Money & Banking

Infuse more capital in public sector banks: Moody’s

Our Bureau Mumbai | Updated on January 20, 2018 Published on February 24, 2016

moody

Otherwise, credit profiles of banks could worsen, says rating agency



The credit profiles of Indian public sector banks will worsen if the Centre does not revise upwards its capital infusion plan for banks in the Union Budget to be presented on February 29, cautioned global credit rating agency Moody’s.

In July 2015, the Centre had come out with a roadmap for recapitalisation of PSBs, whereby it committed to pump in ₹70,000 crore over four financial years, beginning FY16.

There are 22 PSBs in the country and the Centre owns majority stake in them.

Srikanth Vadlamani, Vice-President and Senior Credit Officer, Moody’s, said: “While the reported non-performing loans (NPLs) of the 11 public sector banks that we rate registered a significant 0.9-4.1 per cent increase in the most recent quarter ended December 31, 2015, Moody’s view of the true underlying asset quality of these banks has remain unchanged.”

The increase in NPLs was because of the recognition of stress in a few large accounts, as well as slippages from restructured accounts, he said, and added that both these trends have been factored into Moody’s view on the banks’ asset quality.

Moody’s rates 11 PSBs — State Bank of India, Bank of Baroda, Bank of India, Punjab National Bank, Canara Bank, Union Bank of India, IDBI Bank, Central Bank of India, Indian Overseas Bank, Syndicate Bank and Oriental Bank of Commerce.

The banks’ enhanced NPL recognition in the quarter ended December was spurred by the Reserve Bank of India’s directive to recognise specific accounts as NPLs.

Despite this, some large corporate exposures with weak financial metrics could continue to remain as standard assets on the banks’ books, Moody’s said in a statement.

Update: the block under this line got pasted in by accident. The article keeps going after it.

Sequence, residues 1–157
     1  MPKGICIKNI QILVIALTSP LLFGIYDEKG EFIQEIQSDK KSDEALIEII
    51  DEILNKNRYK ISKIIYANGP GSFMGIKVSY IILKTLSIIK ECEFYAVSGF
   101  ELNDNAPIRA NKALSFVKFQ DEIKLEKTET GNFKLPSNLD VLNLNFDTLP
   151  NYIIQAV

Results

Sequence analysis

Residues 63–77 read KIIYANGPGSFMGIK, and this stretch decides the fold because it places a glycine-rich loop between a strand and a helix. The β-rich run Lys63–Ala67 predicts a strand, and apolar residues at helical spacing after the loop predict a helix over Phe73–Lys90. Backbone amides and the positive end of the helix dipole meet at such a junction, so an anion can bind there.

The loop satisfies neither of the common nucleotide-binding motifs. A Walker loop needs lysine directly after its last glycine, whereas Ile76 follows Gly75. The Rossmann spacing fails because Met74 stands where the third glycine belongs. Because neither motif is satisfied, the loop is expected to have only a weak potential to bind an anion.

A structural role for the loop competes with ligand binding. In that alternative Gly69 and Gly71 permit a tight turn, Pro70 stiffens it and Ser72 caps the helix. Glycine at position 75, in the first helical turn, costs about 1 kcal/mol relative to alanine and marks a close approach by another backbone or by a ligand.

Capital requirement

In line with its view on the banks’ asset quality, Moody’s estimates that the 11 public sector banks’ external capital requirements remain unchanged at ₹1.45-lakh crore for the four fiscal years (FY16-19).

“The estimate factors in the full extent of the asset quality issues that the banks are facing, and not just the extent of impaired loans that have been recognised so far.

“However, there would be a significant front-ending of capital requirements now,” Moody’s said.

The front-ending of NPL recognition and provisioning results in a corresponding need to boost capital levels, Vadlamani explained.

Consequently, unless the Centre revises upwards its capital infusion plan for the banks in its upcoming Budget, banks will see negative pressure on their credit profiles, he said.

Moody’s, in a recent report, pointed out that PSBs are unlikely to gain access to the capital markets for equity capital in the near term given their low valuations. The banks will, therefore, have to turn to the Centre for accelerated capital injections over the next 18 months. When the Centre unveiled its recapitalisation roadmap for PSBs, it said that excluding internal profit generation, which is going to be available to the banks (based on the estimate of average profit of the last three years), the requirement of extra capital for the next four years up to FY19 is likely to be about ₹1.80-lakh crore.

Moody’s said implicit in the Centre’s plan for the banks was the authorities’ expectations that these banks would be able to tap the capital markets for their remaining funding requirements when the capital-raising environment is more conducive.

However, with heightened capital requirements in the near term, the key assumptions of this roadmap may no longer be valid.

Published on February 24, 2016
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